Getting to and staying at a healthy weight is important to reduce the risk of cancer and other chronic diseases, such as heart disease and diabetes. Being active can help reduce your cancer risk by helping with weight control. The latest recommendations for adults call for 150-300 minutes of moderate intensity or 75-150 minutes of vigorous intensity activity each week, or a combination of these. Getting to or exceeding the upper limit of 300 minutes is ideal. It’s also important to limit sedentary behavior such as sitting, lying down, watching TV, or looking at your phone or computer.
Alcohol increases the risk for several types of cancer. The more alcohol you drink, the higher your cancer risk. But for some types of cancer, most notably breast cancer, consuming even small amounts of alcohol can increase risk. People who choose to drink alcohol should limit their intake to no more than two drinks per day for men and one drink per day for women. The recommended limit is lower for women because of their smaller body size and slower breakdown of alcohol. One drink of alcohol is defined as 12 ounces of beer, 5 ounces of wine, or 1½ ounces of 80-proof distilled spirits (hard liquor). In terms of cancer risk, it is the amount of alcohol, not the type of alcoholic drink, that is important.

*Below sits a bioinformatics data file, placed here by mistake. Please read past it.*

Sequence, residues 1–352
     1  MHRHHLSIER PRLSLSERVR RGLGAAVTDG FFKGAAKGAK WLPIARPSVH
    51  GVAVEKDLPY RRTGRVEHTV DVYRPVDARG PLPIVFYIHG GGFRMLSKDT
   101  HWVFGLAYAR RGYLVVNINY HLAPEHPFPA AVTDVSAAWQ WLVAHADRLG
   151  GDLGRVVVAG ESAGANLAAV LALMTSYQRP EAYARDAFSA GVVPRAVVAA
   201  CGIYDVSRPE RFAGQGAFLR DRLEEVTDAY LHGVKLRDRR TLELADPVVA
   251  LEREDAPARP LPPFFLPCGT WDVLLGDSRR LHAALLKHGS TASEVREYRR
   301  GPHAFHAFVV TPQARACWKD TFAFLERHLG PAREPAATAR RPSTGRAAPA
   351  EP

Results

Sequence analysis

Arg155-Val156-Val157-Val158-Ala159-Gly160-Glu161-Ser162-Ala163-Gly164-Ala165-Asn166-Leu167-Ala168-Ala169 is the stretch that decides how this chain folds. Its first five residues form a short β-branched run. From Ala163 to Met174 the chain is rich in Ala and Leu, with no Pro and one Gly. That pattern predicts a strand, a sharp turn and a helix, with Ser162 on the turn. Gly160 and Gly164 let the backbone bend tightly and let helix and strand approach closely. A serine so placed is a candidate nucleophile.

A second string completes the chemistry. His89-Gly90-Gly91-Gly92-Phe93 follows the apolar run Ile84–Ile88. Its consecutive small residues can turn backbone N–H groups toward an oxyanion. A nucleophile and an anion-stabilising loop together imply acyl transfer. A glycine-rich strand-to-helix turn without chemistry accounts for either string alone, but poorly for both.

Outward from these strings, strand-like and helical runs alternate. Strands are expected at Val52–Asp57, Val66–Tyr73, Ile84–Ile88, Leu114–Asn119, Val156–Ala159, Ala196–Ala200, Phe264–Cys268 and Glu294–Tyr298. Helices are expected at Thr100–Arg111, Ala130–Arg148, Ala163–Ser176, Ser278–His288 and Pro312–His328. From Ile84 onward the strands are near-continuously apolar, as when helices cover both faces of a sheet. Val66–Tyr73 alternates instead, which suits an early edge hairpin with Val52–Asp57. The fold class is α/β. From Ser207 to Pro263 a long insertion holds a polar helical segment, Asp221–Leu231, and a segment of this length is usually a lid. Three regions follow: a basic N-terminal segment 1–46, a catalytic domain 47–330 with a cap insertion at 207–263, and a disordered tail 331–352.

Eating well is an important part of improving your health and reducing your cancer risk. Healthy eating includes foods that are high in vitamins, minerals, and other nutrients, including vegetables, fruits, whole grains, and fiber-rich beans and peas. You should avoid red and processed meats, highly processed foods, and sugar-sweetened beverages like soft drinks.
Cancer has also been linked to exposure to the sun and ultraviolet (UV) radiation. The amount of UV exposure a person gets depends on the strength of the rays, the length of time the skin is exposed, and whether the skin is protected with clothing or sunscreen. Make sure you practice “Slip! Slop! Slap! And Wrap!” when outside: Slip on a shirt, Slop on a broad-spectrum sunscreen of at least 30 SPF, Slap on a hat (wide-brimmed is best), and Wrap on sunglasses before any sun exposure to reduce your cancer risk.